Dublin Port Company hosted a Cruise Europe Brexit summit in The Gibson Hotel in Dublin this morning. Ireland’s Deputy Prime Minister Simon Coveney, An Tánaiste and Minister for Foreign Affairs and Trade, opened proceedings by updating members on the uncertainty that continues to prevail over Brexit. He went on to state that this is not just a British issue but will have an effect on many other EU states.
This uncertainty is proving to be challenging for governments and business alike. He acknowledged the economic benefit of the tourism and maritime sectors and reiterated the government commitment to supporting these industries and the development of cruise tourism going forward.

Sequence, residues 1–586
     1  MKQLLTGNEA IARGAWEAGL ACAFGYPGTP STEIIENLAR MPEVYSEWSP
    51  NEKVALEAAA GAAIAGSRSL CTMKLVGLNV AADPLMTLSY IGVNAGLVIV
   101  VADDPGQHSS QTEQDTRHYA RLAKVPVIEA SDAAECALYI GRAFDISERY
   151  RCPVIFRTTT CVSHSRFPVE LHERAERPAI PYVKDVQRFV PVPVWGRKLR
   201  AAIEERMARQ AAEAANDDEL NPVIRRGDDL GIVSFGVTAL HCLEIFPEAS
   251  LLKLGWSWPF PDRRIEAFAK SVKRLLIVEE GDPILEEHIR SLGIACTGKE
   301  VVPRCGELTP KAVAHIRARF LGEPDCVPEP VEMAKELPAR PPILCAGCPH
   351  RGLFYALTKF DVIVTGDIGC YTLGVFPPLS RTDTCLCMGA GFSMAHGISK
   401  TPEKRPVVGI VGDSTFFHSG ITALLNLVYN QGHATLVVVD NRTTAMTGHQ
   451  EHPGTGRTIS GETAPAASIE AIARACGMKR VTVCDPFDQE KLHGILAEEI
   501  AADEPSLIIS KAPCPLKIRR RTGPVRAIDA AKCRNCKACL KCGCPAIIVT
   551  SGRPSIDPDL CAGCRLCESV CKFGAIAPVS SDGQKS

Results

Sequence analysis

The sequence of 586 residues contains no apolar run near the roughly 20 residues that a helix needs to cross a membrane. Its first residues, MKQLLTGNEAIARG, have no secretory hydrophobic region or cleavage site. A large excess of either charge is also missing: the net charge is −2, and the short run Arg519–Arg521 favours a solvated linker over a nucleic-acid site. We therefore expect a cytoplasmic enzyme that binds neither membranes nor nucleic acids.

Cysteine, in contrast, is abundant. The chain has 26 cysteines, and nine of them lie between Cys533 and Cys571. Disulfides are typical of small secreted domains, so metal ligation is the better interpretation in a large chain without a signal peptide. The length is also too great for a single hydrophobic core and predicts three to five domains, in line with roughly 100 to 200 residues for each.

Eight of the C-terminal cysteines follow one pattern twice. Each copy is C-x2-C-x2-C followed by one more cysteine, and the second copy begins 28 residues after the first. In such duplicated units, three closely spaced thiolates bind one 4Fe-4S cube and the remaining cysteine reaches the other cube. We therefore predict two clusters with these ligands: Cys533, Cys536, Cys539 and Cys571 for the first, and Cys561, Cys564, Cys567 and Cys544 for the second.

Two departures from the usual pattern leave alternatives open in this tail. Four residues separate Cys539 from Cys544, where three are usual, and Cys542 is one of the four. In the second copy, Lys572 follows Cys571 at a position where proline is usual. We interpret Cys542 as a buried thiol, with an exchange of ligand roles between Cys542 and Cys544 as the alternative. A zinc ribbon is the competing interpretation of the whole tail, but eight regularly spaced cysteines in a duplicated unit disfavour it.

Panellists agreed that the uncertainty that remains is bad for business. All organisations are spending time and resources on contingency planning rather than developing growth strategies. While current cruise bookings remain buoyant and there are no immediate plans to change itineraries, the main concern is the stability of sterling and the potential economic impact thereof.
The movement of passengers and stores remains under review. However, cruise companies do not anticipate that there will be a significant impact at this time. Cruise operators did request that ports relay any information in relation to local customs and immigration decisions that may be useful in the planning process.
Panellists included executives from Carnival UK, Fred Olsen Cruise Lines, Royal Caribbean Cruises and Cruise & Maritime Voyages as well as representatives from Irish state agencies, port authorities, shipping agents and shore excursion providers.